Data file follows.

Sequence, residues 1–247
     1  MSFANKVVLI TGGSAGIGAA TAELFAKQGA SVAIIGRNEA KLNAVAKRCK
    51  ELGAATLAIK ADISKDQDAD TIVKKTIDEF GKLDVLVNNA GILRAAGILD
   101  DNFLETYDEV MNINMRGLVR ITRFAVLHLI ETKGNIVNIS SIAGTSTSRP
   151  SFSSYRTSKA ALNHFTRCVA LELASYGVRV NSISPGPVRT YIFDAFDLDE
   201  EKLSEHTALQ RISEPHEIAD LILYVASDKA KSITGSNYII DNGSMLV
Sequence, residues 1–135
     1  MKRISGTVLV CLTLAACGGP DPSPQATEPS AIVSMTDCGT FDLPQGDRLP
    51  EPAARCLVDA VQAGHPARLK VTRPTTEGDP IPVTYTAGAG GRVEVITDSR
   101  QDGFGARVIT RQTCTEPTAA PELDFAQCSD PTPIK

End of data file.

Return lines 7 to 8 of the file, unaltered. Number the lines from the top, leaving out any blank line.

Sequence, residues 1–135
     1  MKRISGTVLV CLTLAACGGP DPSPQATEPS AIVSMTDCGT FDLPQGDRLP